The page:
In Eastern Congo, rape can be an act of war or revenge, or a response to extreme poverty, ignorance and fear.
A new study published by the American Journal of Public Health indicates that nearly 2 million women in the Democratic Republic of Congo have been raped. Many rapes are a part of military operations, designed to terrorize and control the population. Rates of domestic rape and rape by civilians, however, appear to be growing rapidly in the DRC.
This child was born a week and a half ago, almost nine months after his 14-year-old mother was raped. When asked why the soldier living in her house raped her, Amina shook her head and said she had no idea.
Dr. Guylain Mvuama, who heads the worn hospital where Amina had her baby said the main reason rural Congolese women are such frequent victims of rape is simple. It is part of the war.
Mvuama said armed groups raid and loot villages, raping women, children and sometimes babies or men to control the people though terror. The doctor says deep in the bush, what better way is there to keep everyone subdued, than to rape every man’s mother, sister or wife?
But in the regular Congolese Army, rape is considered a crime, with the first-ever high-ranking officer sentenced to 20 years in jail in February. The following month, 11 other officers were convicted, all given at least the maximum sentence of 20 years for rape. Activists and army officers say the prosecutions appear to have reduced the incidents of rape considerably, but rape is still common.
Congolese Army Colonel Seraphin Mirindi is formerly an officer in one of the country’s many armed militias that now are attempting to merge into the regular army as per a 2008 power-sharing agreement. Mirindi said soldiers still rape as a direct result of extreme poverty. Between low pay, and corruption among commanders, soldiers take home between $17 and $55 a month.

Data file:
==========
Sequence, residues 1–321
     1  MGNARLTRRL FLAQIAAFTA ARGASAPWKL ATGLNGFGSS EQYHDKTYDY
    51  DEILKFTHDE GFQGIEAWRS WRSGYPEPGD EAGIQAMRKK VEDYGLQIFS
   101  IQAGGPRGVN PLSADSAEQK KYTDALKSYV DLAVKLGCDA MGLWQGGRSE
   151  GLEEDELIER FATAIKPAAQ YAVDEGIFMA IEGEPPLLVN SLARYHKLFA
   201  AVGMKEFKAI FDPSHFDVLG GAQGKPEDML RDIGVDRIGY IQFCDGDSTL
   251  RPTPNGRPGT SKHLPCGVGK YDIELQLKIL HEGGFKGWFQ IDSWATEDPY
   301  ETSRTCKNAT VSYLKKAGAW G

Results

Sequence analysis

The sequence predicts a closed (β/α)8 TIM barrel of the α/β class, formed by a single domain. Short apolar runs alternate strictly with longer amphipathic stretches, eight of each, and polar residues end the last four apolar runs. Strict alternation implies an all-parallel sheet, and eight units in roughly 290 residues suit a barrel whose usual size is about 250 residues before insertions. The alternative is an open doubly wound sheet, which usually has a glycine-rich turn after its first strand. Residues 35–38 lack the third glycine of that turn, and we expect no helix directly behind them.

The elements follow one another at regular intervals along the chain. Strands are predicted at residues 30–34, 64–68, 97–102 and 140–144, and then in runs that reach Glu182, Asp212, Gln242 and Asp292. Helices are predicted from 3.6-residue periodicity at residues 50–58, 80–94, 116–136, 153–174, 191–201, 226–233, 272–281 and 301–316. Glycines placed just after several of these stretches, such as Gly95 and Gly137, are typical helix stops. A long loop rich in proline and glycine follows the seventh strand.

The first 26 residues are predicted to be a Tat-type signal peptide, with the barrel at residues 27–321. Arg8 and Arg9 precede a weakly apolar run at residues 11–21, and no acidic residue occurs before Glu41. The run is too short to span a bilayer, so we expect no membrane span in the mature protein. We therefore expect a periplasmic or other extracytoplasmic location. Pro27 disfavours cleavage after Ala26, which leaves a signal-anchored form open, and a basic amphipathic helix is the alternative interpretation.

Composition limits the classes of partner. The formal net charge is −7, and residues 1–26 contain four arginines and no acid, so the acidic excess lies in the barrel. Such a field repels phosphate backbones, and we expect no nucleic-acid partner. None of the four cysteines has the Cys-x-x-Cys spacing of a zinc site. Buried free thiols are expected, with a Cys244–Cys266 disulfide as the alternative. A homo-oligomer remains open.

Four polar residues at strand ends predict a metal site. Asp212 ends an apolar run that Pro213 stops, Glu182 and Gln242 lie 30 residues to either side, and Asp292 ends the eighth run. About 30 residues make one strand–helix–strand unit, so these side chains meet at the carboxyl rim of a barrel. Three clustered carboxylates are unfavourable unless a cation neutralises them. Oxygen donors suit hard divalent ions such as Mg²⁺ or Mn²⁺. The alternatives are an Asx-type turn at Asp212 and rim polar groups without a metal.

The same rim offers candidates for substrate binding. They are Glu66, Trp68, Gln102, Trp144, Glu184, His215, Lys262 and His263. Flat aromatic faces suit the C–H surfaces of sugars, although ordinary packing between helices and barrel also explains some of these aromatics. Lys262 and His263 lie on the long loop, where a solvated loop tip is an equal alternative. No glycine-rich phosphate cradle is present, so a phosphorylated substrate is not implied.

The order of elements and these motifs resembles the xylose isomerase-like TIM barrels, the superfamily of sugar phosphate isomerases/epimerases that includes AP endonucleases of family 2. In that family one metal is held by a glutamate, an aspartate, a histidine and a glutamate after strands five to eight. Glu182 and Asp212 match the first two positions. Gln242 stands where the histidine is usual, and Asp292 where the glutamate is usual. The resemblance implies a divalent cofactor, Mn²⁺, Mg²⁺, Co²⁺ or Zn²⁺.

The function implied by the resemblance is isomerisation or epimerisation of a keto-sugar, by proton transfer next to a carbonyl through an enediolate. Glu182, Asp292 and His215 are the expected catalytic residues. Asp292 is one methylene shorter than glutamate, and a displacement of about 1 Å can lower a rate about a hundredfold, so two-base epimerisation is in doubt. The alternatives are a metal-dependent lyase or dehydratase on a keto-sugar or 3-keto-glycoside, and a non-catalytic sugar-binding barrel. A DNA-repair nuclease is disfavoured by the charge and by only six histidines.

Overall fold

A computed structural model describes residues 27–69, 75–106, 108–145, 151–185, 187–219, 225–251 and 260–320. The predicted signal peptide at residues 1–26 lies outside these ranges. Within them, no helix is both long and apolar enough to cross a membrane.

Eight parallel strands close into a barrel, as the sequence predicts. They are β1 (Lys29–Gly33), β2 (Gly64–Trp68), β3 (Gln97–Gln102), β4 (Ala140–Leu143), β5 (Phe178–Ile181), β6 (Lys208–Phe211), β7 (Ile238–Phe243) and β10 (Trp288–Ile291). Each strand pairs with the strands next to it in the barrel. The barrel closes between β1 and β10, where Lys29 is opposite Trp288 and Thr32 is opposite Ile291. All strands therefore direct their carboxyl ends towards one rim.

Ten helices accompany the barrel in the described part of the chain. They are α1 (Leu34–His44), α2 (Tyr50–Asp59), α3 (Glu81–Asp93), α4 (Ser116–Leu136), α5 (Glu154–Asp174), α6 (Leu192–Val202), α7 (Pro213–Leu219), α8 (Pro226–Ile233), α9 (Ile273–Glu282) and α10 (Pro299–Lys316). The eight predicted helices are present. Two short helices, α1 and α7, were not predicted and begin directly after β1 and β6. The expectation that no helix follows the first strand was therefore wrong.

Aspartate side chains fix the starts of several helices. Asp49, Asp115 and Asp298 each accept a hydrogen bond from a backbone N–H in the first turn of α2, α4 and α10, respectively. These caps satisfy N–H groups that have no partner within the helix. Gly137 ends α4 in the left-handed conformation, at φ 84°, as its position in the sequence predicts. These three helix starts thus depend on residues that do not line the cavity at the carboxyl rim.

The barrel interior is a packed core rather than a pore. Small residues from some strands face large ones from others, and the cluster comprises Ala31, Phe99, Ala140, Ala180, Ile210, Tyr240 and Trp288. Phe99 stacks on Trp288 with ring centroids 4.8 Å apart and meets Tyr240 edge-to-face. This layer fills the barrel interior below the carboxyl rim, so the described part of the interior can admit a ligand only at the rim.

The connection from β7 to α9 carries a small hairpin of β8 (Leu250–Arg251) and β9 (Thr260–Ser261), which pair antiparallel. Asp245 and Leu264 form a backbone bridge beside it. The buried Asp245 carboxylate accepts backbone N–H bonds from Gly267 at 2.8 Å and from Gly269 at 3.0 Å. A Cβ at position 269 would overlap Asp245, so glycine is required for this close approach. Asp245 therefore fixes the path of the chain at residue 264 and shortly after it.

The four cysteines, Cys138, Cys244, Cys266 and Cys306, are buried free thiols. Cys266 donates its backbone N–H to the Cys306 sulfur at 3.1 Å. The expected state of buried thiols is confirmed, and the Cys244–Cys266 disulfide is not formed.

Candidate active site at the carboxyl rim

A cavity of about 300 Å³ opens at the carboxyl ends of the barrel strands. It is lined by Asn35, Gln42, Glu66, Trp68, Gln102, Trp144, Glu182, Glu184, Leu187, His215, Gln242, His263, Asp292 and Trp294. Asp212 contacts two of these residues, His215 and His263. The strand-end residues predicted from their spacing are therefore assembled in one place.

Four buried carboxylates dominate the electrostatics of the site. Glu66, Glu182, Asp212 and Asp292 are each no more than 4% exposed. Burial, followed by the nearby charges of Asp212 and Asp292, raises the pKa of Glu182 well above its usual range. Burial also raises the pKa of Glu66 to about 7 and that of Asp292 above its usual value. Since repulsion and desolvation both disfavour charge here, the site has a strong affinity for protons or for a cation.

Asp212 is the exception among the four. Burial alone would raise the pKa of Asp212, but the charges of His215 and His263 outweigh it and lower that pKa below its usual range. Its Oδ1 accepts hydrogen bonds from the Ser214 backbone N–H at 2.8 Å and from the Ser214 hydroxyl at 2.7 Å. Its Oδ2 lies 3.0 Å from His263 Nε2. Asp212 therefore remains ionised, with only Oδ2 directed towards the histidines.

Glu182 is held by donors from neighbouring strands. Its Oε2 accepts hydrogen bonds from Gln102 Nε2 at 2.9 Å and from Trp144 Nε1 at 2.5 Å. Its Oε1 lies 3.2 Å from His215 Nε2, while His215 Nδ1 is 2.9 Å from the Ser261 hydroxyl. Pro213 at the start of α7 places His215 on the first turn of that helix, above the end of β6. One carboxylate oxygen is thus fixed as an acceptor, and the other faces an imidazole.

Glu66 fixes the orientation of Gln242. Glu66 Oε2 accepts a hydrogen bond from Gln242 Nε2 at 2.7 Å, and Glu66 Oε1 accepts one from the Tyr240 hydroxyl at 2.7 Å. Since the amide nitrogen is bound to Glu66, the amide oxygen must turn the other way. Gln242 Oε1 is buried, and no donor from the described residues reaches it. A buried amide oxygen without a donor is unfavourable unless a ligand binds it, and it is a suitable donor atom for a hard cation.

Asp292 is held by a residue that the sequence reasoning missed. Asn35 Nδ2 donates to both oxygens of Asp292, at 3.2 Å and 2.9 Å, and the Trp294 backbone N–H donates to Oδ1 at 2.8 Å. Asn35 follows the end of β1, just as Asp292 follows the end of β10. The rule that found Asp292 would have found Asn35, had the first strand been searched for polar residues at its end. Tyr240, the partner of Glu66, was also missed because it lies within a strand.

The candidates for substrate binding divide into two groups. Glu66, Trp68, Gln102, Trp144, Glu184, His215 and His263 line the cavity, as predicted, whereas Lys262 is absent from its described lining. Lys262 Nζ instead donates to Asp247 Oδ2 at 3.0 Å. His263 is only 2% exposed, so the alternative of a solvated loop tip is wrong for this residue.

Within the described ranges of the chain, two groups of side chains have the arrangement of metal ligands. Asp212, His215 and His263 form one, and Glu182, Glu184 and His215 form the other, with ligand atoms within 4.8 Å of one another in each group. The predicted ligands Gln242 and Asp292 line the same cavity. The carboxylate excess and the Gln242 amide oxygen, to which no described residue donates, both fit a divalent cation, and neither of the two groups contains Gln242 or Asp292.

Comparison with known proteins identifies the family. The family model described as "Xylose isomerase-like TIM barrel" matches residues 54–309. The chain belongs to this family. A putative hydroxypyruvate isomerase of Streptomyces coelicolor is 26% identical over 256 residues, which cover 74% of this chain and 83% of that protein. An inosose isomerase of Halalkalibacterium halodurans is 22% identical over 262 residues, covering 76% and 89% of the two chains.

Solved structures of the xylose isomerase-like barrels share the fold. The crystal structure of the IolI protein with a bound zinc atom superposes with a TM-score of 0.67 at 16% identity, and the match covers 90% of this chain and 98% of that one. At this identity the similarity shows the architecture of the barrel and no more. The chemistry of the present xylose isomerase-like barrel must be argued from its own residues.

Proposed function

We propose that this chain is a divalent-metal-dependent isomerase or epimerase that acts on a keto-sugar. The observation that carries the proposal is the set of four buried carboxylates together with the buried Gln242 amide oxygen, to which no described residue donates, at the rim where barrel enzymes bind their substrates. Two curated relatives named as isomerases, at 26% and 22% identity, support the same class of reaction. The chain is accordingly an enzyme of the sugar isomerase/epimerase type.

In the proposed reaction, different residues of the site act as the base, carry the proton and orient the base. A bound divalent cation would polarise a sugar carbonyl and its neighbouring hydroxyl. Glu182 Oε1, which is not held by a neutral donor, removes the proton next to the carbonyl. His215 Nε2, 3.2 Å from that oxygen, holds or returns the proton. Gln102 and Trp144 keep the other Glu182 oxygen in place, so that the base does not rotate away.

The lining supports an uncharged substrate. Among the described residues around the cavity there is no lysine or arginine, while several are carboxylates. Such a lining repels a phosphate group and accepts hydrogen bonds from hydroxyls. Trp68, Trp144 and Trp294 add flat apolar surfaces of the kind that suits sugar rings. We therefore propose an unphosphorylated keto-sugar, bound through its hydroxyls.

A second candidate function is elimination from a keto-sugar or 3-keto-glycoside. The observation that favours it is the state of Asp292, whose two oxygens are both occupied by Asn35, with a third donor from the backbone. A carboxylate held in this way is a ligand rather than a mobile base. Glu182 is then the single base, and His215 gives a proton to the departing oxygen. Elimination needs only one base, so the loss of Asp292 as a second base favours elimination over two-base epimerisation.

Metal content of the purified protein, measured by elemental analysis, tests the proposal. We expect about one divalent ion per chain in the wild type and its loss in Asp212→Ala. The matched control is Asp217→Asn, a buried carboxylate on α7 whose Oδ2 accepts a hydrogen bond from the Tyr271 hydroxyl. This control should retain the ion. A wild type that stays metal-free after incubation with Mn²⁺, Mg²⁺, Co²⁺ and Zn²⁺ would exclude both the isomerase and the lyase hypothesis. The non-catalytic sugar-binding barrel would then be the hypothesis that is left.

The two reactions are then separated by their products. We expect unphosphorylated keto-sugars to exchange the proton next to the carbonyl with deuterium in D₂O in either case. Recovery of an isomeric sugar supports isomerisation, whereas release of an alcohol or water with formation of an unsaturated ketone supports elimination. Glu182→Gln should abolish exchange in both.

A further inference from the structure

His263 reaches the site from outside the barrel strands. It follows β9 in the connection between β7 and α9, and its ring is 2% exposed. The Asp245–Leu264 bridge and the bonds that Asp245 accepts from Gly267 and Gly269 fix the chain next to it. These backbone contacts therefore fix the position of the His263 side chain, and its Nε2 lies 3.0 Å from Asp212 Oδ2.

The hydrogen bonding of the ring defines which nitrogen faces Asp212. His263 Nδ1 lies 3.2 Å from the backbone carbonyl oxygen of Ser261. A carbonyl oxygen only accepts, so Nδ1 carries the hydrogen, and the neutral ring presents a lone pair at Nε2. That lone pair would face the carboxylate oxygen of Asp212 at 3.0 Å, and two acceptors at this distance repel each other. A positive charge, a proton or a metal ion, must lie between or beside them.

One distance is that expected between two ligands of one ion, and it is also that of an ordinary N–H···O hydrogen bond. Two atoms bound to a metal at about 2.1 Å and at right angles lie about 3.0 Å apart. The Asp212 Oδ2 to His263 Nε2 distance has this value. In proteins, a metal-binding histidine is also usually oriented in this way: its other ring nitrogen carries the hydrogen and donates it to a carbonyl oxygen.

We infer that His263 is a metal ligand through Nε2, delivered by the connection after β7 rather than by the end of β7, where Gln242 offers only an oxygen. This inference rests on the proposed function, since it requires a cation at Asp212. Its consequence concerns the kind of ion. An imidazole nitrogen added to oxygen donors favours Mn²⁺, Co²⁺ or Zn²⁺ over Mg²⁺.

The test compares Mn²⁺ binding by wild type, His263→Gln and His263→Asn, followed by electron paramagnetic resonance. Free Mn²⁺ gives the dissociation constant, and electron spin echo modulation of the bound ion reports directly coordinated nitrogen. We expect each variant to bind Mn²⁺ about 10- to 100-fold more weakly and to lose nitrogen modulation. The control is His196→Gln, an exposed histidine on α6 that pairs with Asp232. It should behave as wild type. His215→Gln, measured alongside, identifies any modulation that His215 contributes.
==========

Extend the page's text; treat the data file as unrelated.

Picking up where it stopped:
About 30 percent of soldiers desert their posts, he said, and since they receive hardy any salaries, they also are immune from punishment when they leave. Most deserters, he said, also take their gun with them when they go.
Mirindi said with almost no money, soldiers and deserters are tempted to rape because they are isolated deep in the forest, and cannot afford wives or prostitutes. He works with international organizations like Human Rights Watch, the United Nations and the Red Cross to educate soldiers about the dangers of rape for them and the victims. And while he said education is effective, he thinks higher salaries would be more useful in reducing the number of rapes.
Attorney and victim’s rights activist Gilbert Kasereka said that while soldiers do rape because they are isolated, poor or as part of an attack, many rapes also occur in Congo for more unusual reasons. With the absence of regular, informed medical care, many people believe they can gain power or good health by raping the young.
Kasereka said some people believe military prowess can be derived from raping a teenager or someone who is an ethnic minority, like Congolese Pygmies. Others believe the rape of a baby will cure AIDs.
Rape in Congo also is increasingly common at home. Last year, a study commissioned by Oxfam showed that incidents of domestic rape grew 17-fold between 2004 and 2008. In the June issue of the American Journal of Public Health, researchers recommended that future programs against sexual violence in Congo focus on “abuse within families,” in addition to ending impunity for rapists and improving security in the countryside.
But for some activists, no programs will be completely effective without ending the conflict for good. They say as long as much of Eastern Congo continues to be overrun with militias fighting each other and the government, and battling for control of what is believed to be $24 trillion worth of mineral wealth under the ground, sexual violence will continue to be a fact of life.
The president of the civil society in the eastern province of North Kivu, Jason Luneno Maene, said neither the government, nor NGOs can provide educational anti-rape programs to rebel militias who live beyond the reach of Congolese law. Even in government-controlled areas, he said, rapists often are caught and then released a few days later.
But Luneno said the recent convictions of Congolese Army soldiers and officers could affect the rest of society. If the army stops raping, he said, civilians may follow their lead.
In a hospital in Goma, 50-year-old Mawazo, a rape victim and mother of 10, said that national laws have no impact in her village.
Mawazo says rebel soldiers live near her village, and they raped her while she was searching for food for her youngest children. She says she is safe inside the hospital in the city, but she can never go home. If they catch her again in the forest alone, she says, she will be raped again, and this time she may not survive.